Four years had passed since their last album by the time the Screaming Trees released Dust in 1996, and much had happened in that time, little of it beneficial. The group, intending to follow up Sweet Oblivion quickly, recorded an album’s worth of material with Don Fleming, but the music wasn’t strong enough, so they junked the lot and started again with George Drakoulias. Not only that, they were sick of each other (a perennial Screaming Trees problem – they’d been going since 1985, so they’d put in some years already) and relations were often fractious. Even more troublingly, singer Mark Lanegan had seen several close friends die, including Kurt Cobain, and come close to dying himself. Crack, heroin and alcohol were merely the symptoms of an illness that had dogged him long before Dust and would continue to long after it.

But Dust was written and recorded in the middle of a sober period for Lanegan, and it shows. At times, as on opener Halo of Ashes, he sounds uncharacteristically thrilled to be alive (“I’ve been a long, long time away, one foot in the grave”). At others, as on the grandiose Dying Days, he takes stock of what he’s experienced, what he and his community has lost (“I walk the ghost town that used to be my city”), and vows to celebrate it and carry on, to celebrate it by carrying on. Containing an acoustic intro, gospel-style choir vocals on the choruses, Benmont Tench’s churchy organ and electric piano and loads of fat distorted guitars, Dying Days was a stadium-sized farewell to a whole era.

To play a guitar solo suitable for such an anthemic musical setting and such conflicting emotions – and to hit the right notes about loss and brotherhood – the band called in fellow Seattle musician Mike McCready from Pearl Jam.

A devotee of Stevie Ray Vaughan and Hendrix, McCready has a style that relies heavily on bluesy pentatonic licks, played in this case on a Stratocaster with a big tone (moderate gain, tube amp turned up loud and, I’d guess, Vaughan-style heavy strings). When you break down his Dying Days solo, it’s pretty standard blues-rock stuff: an ear-grabbing bent double stop to start things off (played with a noticeably strong vibrato, and picked and repicked six times over the course of two whole bars), a few pentatonic licks up and down across the neck, and finally a big squealing bend on the high E string to finish off as drummer Barrett Martin plays a triplet fill to send the song back into the chorus. It’s not rocket science, but McCready plays it with absolute conviction and commitment.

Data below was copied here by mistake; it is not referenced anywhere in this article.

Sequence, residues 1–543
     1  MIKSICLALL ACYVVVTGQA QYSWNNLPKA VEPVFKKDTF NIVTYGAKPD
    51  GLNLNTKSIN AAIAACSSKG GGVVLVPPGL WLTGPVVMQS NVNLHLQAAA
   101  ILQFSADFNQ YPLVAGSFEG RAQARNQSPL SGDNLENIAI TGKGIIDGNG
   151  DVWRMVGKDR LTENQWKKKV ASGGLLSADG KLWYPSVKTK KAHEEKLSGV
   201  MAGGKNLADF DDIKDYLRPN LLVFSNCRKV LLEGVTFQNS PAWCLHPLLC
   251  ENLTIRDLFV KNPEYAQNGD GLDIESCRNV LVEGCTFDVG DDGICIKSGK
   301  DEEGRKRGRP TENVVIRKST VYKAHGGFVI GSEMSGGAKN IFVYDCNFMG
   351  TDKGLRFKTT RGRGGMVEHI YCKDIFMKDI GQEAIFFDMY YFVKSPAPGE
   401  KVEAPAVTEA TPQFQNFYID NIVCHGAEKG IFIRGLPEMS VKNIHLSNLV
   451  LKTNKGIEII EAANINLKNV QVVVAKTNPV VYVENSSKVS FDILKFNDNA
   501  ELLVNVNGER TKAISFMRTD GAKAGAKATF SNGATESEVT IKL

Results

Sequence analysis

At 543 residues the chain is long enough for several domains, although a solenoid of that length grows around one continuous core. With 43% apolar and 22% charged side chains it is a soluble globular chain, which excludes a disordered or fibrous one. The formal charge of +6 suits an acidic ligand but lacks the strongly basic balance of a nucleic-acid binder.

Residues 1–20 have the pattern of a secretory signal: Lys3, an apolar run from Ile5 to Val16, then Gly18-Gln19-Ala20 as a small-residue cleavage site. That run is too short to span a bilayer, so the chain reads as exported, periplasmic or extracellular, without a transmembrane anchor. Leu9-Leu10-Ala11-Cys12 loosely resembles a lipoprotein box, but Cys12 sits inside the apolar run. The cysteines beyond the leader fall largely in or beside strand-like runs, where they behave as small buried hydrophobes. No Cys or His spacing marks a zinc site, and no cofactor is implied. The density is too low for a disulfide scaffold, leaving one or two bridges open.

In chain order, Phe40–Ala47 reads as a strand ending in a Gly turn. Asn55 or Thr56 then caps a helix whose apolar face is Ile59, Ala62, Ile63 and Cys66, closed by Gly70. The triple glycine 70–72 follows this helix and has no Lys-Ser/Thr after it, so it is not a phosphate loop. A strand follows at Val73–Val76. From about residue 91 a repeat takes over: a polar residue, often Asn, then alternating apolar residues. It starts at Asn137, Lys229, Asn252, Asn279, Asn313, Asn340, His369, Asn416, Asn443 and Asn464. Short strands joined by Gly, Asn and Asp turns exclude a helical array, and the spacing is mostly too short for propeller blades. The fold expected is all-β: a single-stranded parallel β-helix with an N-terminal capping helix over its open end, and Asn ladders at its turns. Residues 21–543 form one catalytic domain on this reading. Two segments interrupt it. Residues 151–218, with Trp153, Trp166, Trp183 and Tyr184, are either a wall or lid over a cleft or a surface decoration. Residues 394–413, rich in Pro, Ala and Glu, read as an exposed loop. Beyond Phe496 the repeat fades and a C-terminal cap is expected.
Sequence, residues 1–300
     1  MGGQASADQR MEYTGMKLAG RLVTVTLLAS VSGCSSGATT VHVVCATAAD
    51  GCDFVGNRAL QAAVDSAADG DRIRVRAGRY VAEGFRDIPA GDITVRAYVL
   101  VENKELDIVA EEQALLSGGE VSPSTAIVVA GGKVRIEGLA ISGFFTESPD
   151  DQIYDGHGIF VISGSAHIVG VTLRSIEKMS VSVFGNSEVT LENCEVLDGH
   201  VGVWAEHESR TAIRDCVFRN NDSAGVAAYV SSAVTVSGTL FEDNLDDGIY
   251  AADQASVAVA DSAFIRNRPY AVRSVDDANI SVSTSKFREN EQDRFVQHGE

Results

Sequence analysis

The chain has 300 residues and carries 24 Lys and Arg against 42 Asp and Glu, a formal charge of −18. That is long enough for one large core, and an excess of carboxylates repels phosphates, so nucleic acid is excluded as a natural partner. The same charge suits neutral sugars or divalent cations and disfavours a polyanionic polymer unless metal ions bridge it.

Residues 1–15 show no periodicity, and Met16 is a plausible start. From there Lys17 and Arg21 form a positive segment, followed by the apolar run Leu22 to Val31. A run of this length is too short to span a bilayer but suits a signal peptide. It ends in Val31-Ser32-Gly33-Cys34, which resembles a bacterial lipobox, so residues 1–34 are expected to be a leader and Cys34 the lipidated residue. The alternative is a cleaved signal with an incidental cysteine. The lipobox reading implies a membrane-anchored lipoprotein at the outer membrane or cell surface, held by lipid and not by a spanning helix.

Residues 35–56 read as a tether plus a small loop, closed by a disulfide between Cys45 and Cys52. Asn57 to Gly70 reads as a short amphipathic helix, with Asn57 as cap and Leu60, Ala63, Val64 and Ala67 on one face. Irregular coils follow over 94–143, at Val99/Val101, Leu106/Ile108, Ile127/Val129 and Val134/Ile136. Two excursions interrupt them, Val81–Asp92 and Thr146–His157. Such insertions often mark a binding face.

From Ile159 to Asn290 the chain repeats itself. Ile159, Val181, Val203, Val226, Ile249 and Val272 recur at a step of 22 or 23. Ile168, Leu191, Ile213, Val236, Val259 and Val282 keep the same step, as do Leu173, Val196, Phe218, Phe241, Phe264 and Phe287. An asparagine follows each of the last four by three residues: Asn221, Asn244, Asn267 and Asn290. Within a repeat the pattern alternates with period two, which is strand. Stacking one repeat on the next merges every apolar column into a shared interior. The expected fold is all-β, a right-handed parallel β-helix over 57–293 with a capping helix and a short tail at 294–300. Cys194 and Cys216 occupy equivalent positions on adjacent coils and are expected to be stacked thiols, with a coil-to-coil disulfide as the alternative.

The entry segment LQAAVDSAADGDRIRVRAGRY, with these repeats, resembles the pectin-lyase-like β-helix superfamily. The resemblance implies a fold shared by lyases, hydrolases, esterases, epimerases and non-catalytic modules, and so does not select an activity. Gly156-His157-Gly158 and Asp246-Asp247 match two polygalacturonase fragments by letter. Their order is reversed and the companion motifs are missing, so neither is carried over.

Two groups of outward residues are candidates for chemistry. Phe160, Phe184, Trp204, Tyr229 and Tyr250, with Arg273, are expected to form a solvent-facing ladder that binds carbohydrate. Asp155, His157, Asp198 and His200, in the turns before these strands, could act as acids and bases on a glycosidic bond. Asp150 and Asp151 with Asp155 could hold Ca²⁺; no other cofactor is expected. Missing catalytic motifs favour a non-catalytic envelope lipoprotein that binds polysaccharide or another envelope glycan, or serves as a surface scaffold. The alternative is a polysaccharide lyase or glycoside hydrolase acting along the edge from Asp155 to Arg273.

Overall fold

Dying Days, like Dust generally, got great reviews from the critics, but pretty much went nowhere commercially. Seattle’s moment has passed even as the Trees were recording its epitaph. Guitar-heavy neo-classic rock with psych, blues, gospel and country influences was not what the kids wanted in 1996. Yet Dying Days makes little sense as a song known only to a handful of devotees; it’s too big for it, too widescreen. It’s Let It Be crossed with Hendrix’s version of All Along the Watchtower – something at once apocalyptic and comforting, highly personal yet universal and elemental.

It’s to Screaming Trees guitarist Gary Lee Connor’s credit that he handed this one over to McCready. Connor definitely had his moments as a lead player (he liked his wah-wah pedal, and used it well), but really he was a songwriter, and he couldn’t have brought to it what McCready could. A special song deserves a special solo. Through some kind of alchemy that happens only rarely, when simple phrases and melodies achieve an emotional potency that’s out of reach to most musicians most of the time, Mike McCready pulled that solo out of himself.

Dust

Double Live Gonzos, part 5: Live – Donny Hathaway

Welcome to the series finale! It’s been fun reconnecting with some old favourites. I’m going to finish with the record I know least well of the bunch. I’ve known it for a mere 18 months. My apologies for keeping you waiting for this: I was ill one weekend, then away the next, so I’ve been scribbling this 20 minutes at a time during lunchbreaks. Anyway, it’s been fun. Maybe I’ll pick five more and do this again next year.

“It’s unlikely any party we ever attend will be as great as that documented on these recordings from two shows,” said Quietus writer Wyndham Wallace discussing Donny Hathaway’s 1972 live album, simply called Live. I’d reserve that particular accolade for Exile on Main Street, which sounds like the greatest party in the world going on in the room next door. Wallace does identify the key to Live, though – its communality. Sentimental I may be, but nothing gets me like music bring people together, and no live album documents that happening more clearly, or more movingly than this.

A 50-minute single-disc album, Live‘s songs were culled from two separate shows: one at the Troubadour in LA in August 1971, and one at the Bitter End in New York two months later. The band was nearly the same for both shows: Fred White (later of Earth, Wind and Fire) on drums, Willie Weeks on bass, Mike Howard on rhythm guitar and Earl DeRouen on congas. Phil Upchurch played lead guitar at the Troubadour, replaced by Cornell Dupree for the Bitter End gig.